1

UPDATE: The invalid characters are actually in the attributes instead of the elements, this will prevent me from using the CDATA solution as suggested below.

In my application I receive the following XML as a string. There are a two problems with this why this isn't accepted as valid XML. Hope anyone has a solution for fixing these bug gracefully.

  1. There are ASCII characters in the XML that aren't allowed. Not only the one displayed in the example but I would like to replace all the ASCII code with their corresponding characters.

  2. Within an element the '<' exists - I would like to remove all these entire 'inner elements' (<L CODE=&#034;C01&#034;>WWW.cars.com</L>) from the XML.

<?xml version="1.0" encoding="ISO-8859-1"?>
<cars>
  <car model="ford" description="Argentini&#235; love this"/>
  <car model="kia" description="a small family car"/>
  <car model="opel" description="great car <L CODE=&#034;C01&#034;>WWW.cars.com</L>"/>
</cars>
  • Where are the XML tags for the input data? – user849425 Oct 13 '11 at 15:07
  • 5
    Ideally you should tell the person who gave this to you that they need to produce well-formed XML in the first place. The literal <s in embedded data should be &lt; and the >s should be &gt;. – Joe White Oct 13 '11 at 15:11
3

For a quick fix, you could load this not-XML into a string, and add [CDATA][1] markers inside any XML tags that you know usually tend to contain invalid data. For example, if you only ever see bad data inside <description> tags, you could do:

var soCalledXml = ...;
var xml = soCalledXml
    .Replace("<description>", "<description><![CDATA[")
    .Replace("</description>", "]]></description>");

This would turn the tag into this:

<description><![CDATA[great car <L CODE=&#034;C01&#034;>WWW.cars.com</L>]]></description>

which you could then process successfully -- it would be a <description> tag that contains the simple string great car <L CODE=&#034;C01&#034;>WWW.cars.com</L>.

If the <description> tag could ever have any attributes, then this kind of string replacement would be fraught with problems. But if you can count on the open tag to always be exactly the string <description> with no attributes and no extra whitespace inside the tag, and if you can count on the close tag to always be </description> with no whitespace before the >, then this should get you by until you can convince whoever is producing your crap input that they need to produce well-formed XML.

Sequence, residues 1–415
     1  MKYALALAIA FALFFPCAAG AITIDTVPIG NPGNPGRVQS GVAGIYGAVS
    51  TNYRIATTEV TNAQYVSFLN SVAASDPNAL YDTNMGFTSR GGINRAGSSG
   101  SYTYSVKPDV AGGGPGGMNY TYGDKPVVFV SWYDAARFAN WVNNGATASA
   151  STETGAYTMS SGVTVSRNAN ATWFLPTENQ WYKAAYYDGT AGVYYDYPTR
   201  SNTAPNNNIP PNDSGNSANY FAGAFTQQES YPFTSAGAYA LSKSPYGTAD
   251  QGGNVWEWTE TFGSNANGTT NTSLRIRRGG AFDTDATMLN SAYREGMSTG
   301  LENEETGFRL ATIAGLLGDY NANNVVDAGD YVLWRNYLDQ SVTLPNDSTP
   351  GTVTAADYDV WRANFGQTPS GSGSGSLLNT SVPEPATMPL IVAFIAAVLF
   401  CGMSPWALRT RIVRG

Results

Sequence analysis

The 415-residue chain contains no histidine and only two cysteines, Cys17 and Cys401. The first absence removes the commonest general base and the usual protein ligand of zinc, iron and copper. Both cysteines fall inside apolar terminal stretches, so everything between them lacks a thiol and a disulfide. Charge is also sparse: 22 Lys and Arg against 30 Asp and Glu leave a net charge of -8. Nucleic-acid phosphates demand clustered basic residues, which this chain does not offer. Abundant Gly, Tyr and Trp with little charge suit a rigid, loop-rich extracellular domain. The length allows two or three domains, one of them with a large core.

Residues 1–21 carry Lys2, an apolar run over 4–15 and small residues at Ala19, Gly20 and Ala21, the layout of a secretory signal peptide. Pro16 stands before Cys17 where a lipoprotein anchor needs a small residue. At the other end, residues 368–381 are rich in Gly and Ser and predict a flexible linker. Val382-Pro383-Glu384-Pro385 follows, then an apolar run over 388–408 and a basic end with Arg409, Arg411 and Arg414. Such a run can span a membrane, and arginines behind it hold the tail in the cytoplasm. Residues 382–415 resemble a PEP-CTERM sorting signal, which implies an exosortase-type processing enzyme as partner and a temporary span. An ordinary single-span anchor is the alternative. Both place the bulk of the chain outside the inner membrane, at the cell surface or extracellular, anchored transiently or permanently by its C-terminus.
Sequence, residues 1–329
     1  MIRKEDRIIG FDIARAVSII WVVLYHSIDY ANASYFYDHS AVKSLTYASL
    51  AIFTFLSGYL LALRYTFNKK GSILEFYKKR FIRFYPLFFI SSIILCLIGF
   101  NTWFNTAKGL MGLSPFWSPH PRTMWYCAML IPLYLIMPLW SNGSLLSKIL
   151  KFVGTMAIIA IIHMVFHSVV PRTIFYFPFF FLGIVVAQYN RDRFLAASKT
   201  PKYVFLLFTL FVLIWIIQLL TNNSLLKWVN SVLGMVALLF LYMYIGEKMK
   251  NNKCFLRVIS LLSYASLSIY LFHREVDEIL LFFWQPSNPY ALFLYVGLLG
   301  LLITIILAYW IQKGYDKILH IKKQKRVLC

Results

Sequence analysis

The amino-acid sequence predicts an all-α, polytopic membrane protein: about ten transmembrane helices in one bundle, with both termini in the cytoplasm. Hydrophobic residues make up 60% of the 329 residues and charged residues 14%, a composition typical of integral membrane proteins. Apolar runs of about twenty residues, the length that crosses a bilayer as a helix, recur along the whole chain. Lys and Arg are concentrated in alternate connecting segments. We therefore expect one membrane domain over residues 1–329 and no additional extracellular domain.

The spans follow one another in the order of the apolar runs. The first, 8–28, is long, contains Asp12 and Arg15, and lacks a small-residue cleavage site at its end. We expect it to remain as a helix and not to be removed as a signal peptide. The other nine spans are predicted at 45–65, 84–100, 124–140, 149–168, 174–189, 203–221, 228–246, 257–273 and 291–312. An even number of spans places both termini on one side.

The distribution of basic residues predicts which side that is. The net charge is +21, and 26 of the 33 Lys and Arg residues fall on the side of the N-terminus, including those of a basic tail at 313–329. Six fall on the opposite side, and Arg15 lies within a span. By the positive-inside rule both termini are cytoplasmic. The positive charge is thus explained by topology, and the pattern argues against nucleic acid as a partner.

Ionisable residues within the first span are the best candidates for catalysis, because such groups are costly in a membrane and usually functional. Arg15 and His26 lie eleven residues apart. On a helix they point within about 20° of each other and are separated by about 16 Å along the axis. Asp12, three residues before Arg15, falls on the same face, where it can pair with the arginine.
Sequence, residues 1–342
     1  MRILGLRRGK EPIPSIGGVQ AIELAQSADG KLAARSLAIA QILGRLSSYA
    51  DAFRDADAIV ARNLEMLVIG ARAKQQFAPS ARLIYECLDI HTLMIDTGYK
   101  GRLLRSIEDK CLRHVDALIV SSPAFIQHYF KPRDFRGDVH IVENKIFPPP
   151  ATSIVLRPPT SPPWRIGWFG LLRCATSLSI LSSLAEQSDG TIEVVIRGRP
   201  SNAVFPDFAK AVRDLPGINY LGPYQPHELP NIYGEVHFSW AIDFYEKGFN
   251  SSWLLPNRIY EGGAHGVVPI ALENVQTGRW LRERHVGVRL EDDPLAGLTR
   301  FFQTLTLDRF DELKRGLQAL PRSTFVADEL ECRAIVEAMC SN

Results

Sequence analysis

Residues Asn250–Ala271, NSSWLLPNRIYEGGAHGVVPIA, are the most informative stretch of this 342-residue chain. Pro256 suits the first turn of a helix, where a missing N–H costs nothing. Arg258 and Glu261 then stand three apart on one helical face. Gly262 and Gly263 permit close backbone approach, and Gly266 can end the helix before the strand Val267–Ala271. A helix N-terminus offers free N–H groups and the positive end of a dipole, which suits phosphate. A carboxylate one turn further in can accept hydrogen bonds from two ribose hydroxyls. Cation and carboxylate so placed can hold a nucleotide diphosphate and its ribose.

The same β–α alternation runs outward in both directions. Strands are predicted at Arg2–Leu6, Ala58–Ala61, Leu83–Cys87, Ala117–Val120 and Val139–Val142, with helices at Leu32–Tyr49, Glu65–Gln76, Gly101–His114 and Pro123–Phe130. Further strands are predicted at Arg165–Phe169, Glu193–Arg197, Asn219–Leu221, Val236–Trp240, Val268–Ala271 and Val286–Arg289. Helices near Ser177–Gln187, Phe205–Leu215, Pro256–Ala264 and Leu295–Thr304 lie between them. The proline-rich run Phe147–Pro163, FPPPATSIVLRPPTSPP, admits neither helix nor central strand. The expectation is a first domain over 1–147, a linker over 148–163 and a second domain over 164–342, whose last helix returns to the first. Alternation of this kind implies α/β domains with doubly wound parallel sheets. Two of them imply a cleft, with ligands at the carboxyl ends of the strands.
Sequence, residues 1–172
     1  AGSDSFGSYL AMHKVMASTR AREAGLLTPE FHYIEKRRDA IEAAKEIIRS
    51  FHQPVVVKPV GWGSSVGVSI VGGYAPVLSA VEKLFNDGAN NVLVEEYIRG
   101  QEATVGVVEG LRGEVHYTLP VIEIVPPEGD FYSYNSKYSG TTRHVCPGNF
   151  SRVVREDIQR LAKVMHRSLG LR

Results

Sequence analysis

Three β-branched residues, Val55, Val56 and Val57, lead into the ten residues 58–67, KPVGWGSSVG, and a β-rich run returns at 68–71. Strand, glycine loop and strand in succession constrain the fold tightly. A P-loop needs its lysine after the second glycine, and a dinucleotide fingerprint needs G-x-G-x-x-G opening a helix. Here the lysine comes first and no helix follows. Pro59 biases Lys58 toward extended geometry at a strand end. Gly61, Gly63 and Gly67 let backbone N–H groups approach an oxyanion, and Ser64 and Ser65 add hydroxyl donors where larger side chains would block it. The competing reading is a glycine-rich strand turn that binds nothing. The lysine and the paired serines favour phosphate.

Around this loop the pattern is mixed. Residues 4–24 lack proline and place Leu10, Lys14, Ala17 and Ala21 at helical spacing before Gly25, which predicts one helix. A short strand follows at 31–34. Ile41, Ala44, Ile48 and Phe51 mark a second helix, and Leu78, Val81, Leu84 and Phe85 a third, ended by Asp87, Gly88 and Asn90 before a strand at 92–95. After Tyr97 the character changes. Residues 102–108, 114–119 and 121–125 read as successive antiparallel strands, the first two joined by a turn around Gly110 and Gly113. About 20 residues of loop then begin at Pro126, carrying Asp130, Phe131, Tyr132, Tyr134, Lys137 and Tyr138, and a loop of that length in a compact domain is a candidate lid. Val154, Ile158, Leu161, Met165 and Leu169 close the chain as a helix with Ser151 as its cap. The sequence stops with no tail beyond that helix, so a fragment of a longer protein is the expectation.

Update

Since the malformed data is inside an attribute, CDATA won't work. But you could use a regular expression to find everything inside those quote characters, and then do string manipulation to properly escape the <s and >s. They're at least escaping embedded quotes, so a regex to go from " to " would work.

Keep in mind that it's generally a bad idea to use regexes on XML. Of course, what you're getting isn't actually XML, but it's still hard to get right for all the same reasons. So expect this to be brittle -- it'll work for your sample input, but it may break when they send you the next file, especially if they don't escape & properly. Your best bet is still to convince them to give you well-formed XML.

using System.Text.RegularExpressions;

var soCalledXml = ...;
var xml = Regex.Replace(soCalledXml, "description=\"[^\"]*\"",
    match => match.Value.Replace("<", "&lt;").Replace(">", "&gt;"));
| improve this answer | |
  • Hi Joe, i made a mistake because the illegal xml characters are actually part of the attributes instead of the elements. A car element has no sub elements but everything as a attribute. This renders out the CDATA solution. Do you know anything else? – Frank Oct 14 '11 at 11:47
0

You could wrap that content in a CDATA section.

With regex it will be something like this, match

"<description>(.*?)</description>" 

and replace with

"<description><![CDATA[$1]]></description>"
| improve this answer | |

Your Answer

By clicking “Post Your Answer”, you agree to our terms of service, privacy policy and cookie policy

Not the answer you're looking for? Browse other questions tagged or ask your own question.